Disney’s New Tool Will Check Its Movie Scripts for Gender Bias

in Disney, Entertainment, Movies & TV

Disney at CinemaCon

Credit: Chris Pizzello/Invision/AP

As The Walt Disney Company continues to enhance its abilities to maintain gender equality in its own film and television shows on screen, the conglomerate has decided to take another step forward by utilizing actress and activist Geena Davis’ new tool, which operates as a “spellcheck” for gender bias in movie and TV scripts.

Announced earlier this week at the New Zealand Power of Inclusion Summit, Disney will officially begin using the new “GD-IQ: Spellcheck for Bias” tool on all their film and TV scripts. The new tool is an artificial intelligence-based tool capable of analyzing any script’s text to evaluate the number of male and female characters and whether the breakdown represents the actual population.

Walt Disney Studios logo
Credit: The Walt Disney Company

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The tool, developed by researchers at the University of Southern California Viterbi School of Engineering, is also said to be capable of evaluating how many characters are LGBTQ+, are people of color, have disabilities, and are people of other diverse groups that are underrepresented in media.

Davis said about the new partnership with Disney, “I’m very proud to announce we have a brand new partnership with Walt Disney Studios using Spell Check for Bias.” “They are our pilot partners. We will collaborate with Disney over the next year using this tool to help their decision-making identify opportunities to increase diversity and inclusion in the manuscripts they receive. We’re very excited about the possibilities with this new technology and encourage everybody to get in touch with us and try it.”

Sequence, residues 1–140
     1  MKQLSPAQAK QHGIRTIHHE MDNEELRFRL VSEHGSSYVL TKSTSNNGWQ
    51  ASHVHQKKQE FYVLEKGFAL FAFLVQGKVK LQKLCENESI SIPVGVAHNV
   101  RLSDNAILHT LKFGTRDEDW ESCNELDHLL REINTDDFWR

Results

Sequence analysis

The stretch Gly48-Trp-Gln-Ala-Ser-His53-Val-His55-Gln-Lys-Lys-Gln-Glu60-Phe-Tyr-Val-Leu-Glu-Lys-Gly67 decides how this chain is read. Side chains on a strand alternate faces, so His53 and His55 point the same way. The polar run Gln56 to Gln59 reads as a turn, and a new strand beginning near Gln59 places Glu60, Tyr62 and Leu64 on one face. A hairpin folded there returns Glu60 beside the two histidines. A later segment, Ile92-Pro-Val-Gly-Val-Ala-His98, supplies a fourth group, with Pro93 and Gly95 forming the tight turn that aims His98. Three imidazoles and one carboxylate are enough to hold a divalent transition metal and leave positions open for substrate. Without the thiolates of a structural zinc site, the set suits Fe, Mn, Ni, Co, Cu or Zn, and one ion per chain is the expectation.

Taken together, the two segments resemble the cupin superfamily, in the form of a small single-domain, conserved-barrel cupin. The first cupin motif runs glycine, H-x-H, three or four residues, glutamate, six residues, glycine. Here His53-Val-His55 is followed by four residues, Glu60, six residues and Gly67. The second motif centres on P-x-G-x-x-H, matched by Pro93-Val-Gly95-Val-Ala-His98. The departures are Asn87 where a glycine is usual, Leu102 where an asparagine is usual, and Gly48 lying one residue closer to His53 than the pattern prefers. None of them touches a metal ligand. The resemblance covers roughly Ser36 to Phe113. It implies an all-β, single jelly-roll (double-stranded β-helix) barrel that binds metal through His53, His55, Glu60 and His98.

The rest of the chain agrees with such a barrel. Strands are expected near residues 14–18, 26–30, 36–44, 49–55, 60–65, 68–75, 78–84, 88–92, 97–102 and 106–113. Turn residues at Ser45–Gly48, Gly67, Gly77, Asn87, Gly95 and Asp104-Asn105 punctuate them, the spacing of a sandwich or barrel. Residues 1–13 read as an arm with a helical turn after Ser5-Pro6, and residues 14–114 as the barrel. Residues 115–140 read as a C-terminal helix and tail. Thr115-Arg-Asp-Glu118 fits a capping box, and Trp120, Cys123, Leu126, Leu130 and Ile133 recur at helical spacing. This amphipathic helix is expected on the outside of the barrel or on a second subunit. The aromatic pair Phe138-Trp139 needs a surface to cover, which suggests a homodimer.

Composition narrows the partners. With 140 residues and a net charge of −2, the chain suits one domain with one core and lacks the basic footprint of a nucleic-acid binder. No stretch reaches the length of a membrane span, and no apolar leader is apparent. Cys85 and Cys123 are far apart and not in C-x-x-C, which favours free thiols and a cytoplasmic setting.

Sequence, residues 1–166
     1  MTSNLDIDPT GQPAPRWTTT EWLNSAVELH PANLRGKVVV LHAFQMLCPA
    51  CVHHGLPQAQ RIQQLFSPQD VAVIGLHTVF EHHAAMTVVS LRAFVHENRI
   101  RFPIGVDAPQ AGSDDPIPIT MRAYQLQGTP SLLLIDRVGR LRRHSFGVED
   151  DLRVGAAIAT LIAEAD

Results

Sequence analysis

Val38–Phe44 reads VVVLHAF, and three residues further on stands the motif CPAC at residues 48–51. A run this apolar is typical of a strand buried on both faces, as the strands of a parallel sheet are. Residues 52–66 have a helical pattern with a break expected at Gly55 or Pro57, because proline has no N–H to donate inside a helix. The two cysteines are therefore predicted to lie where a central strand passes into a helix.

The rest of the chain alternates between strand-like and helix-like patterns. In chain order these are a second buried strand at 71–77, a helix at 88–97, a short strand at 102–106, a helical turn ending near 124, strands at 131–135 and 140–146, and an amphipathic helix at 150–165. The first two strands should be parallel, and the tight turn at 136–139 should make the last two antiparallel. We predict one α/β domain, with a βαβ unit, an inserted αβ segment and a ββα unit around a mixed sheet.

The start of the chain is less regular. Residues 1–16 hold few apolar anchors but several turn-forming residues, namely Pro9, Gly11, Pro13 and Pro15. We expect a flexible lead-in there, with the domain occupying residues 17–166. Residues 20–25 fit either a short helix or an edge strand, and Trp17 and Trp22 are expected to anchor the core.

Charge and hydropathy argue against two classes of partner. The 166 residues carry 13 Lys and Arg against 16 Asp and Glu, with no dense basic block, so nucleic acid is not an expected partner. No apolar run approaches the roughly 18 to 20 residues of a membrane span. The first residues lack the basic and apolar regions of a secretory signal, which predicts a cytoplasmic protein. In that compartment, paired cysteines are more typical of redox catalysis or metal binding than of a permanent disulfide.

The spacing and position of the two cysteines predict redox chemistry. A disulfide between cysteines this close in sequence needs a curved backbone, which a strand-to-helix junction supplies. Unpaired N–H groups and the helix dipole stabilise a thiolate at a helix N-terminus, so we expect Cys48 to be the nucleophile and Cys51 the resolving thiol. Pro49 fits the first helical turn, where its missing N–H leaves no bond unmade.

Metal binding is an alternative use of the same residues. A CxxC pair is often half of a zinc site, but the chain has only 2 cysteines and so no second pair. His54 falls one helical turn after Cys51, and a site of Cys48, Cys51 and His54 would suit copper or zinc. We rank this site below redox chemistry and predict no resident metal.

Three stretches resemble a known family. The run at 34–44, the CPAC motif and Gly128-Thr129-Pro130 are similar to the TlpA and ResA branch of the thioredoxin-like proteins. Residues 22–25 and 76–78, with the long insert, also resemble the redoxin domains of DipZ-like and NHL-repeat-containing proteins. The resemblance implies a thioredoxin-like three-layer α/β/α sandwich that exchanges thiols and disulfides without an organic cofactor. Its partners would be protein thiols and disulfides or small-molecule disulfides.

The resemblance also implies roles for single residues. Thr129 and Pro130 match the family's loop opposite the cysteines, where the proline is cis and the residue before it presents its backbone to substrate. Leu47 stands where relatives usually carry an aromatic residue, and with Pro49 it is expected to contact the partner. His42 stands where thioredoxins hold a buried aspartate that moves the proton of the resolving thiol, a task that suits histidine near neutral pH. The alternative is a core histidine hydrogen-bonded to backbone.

Geena Davis at New Zealand's Power of Inclusion Summit
Credit: New Zealand Film Commission

Davis explains that this innovation is not focused on “shaming and blaming” those writing and creating. Instead, it reveals the unconscious bias and inequality that can sometimes make its way into stories–especially as it relates to specific roles in films. With this new tool’s analysis, the hope is that data from the spell check will help creators refine scripts and projects in a way that no longer perpetuates various stereotypes and enhances representation overall.

“Nearly every sector of our society has a huge gender disparity, particularly in leadership positions,” Davis said. “So how long will it take to correct that, to reach parity? No matter how hard we work, we can’t snap our fingers; suddenly, half the corporate boards are women. It will take a long time to make some of these changes.”

What are your thoughts on Disney utilizing this new tool to battle and change gender bias in their TV series and films going forward? Let us know in the comments!

Source: The Hollywood Reporter 

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